The decision came during a pandemic that has cost the university a $54 million decline in revenue from last year, MSU President Samuel Stanley said last week.
Beekman elaborates on what went into MSU's decision to cut men's and women's swim and dive
"At four o'clock today I met with our swimmers and divers in what was, maybe, so far, my most emotional moment as their athletic director," athletic director Bill Beekman said in a press conference Thursday. "After great consideration, lengthy consideration, of a number of factors, we made the decision to end our swimming and diving varsity program at the end of this academic year."
Beekman said the conversation was extremely challenging but per the release signed by Stanley and Beekman, the decision was inevitable.
The Spartans' only Big Ten swimming title came in 1957. MSU's announcement is the first time its has cut a sport since ending the men's gymnastics program following the 2000-01 season.
But what went into the decision?
"MSU Athletics is facing a financial crisis unlike any we’ve ever seen in college athletics," the release that annuonced the cut of the swimming programs said. " Our best-case scenario this year projects a revenue shortfall in excess of $30 million. Our worst-case scenario would more than double that number."
Other Division I schools across the country have made similar decisions, but the only other in Michigan: Central Michigan University.
CMU announced late last spring that it would be cutting men's track and field, a decision that the university said at the time would save it just over $600k, according to a report from The Detroit News.
This similar decision by MSU nearly triples that amount in savings, according to the release, the two swim and dive programs cost an annual amount of roughly $2 million.
According to NCAA Membership Financial Report, during the 2018-19 season, the two totaled $2,073,461 in expenses.
While this number will not be immediately made up, the decision saves MSU roughly that amount following the end of the academic year.
The release stated there were no current plans to cut more varsity sports.
"I think that when we think about our budget this year, with assuming that we play all nine games and assuming that every other Big Ten team plays all nine games, because the TV revenue is an all-in proposition, we get one-fourteenth of the pool then that will help significantly, we will still be down somewhere in the neighborhood of $35 million assuming we don't have fans in the stands," Beekman said while discussing if the department can break even. "It is my hope that should the TV revenue be fulsome that we could continue to break even."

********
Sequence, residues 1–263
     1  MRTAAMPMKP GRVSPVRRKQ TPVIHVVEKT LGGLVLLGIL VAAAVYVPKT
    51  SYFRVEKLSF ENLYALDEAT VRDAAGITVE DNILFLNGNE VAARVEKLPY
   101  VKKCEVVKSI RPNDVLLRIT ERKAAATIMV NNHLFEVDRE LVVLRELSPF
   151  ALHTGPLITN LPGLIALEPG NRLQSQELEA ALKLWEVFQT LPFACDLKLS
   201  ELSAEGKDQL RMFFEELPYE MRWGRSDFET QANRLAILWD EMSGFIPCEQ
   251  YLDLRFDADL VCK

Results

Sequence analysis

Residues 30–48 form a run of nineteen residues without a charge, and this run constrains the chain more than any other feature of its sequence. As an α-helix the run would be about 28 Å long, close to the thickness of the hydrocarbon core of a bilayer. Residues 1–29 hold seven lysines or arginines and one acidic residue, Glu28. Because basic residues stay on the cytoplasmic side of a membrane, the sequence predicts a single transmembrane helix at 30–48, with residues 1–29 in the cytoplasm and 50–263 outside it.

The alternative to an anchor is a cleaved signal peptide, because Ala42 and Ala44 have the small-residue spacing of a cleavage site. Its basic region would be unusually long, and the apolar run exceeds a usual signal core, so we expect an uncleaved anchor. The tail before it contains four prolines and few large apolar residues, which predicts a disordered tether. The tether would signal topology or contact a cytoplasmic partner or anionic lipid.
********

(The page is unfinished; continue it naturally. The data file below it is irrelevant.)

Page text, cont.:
Beekman said that there were a number of continuing expenses that will "tail" for a number of years.
But there were a number of other factors that went into the decision as well, Beekman said.
Facilities also played a role, the lack of a correct size indoor pool and inability to use the outdoor pool were a factor.
"That was a significant factor," Beekman said. "When you look across the Big Ten at the swimming facilities, virtually every place the swimming pool that is used by the varsity swim program is a function of the university's intramural and student recreation services programs. And that's the case here at Michigan State as well."
The athletic department is responsible for buildings like Munn Ice Arena and Spartan Stadium, but isn't for IM West, where the practice and competition pools for the programs are located.
"That runs through other units on campus," Beekman said.
IM West, on the west side of campus, has an outdoor pool that has seldom been used over the past few years.
A standard in the conference for competition pools, Beekman said, is typically a 25-yard pool that has eight lanes.
"Most recruited athletes that want to train for the Olympics as their end goal are looking for a 50-meter pool in which to do that," Beekman said. "We used to have a 50-meter pool half of the year (outdoors). When that pool went out of service with no repair or replacement in sight, it took that offline for the entire year and that left us with the IM West indoor pool. Which is a smaller than standard pool and makes both competition and practice very hard."
In 2017, the indoor pools at IM West saw a roughly $4 million upgrade and around a $2 million renovation in 2007 that were both funded by the athletic department and university.
Beekman said there was a plan that had been worked on to renovate the outdoor pool but when the pandemic hit, it became just not feasible for at least a few years.
That challenge, compounded with not having an Olympic standard pool in the community either created challenges to recruit and train for the program, Beekman said.
Outdoor pools at IM West commonly had been used for training by athletes and for student recreation but in recent years had become unusable.
Could swim and dive come back?
The other sports in recent memory to have been cut are men's fencing in 1997 and men's lacrosse in 1996.
Beekman said that he can't make any promises but at the same time wouldn't rule anything out when asked if the program could return to varsity status at MSU.
"That was a question that came up when I spoke to the students earlier today and I can't certainly make any promises," he said.
Program Head Coach Matt Gianiodis and the rest of the assistants on staff's contracts will be honored until June 30, 2021, according to the release.
"Today’s decision does not end our commitment to the student-athletes and staff within the swimming and diving programs," the release said.
It is unclear if the project that is projected to cost around $15 million on the outdoor pools at IM West will ever be completed. The outdoor pool at IM West is currently filled.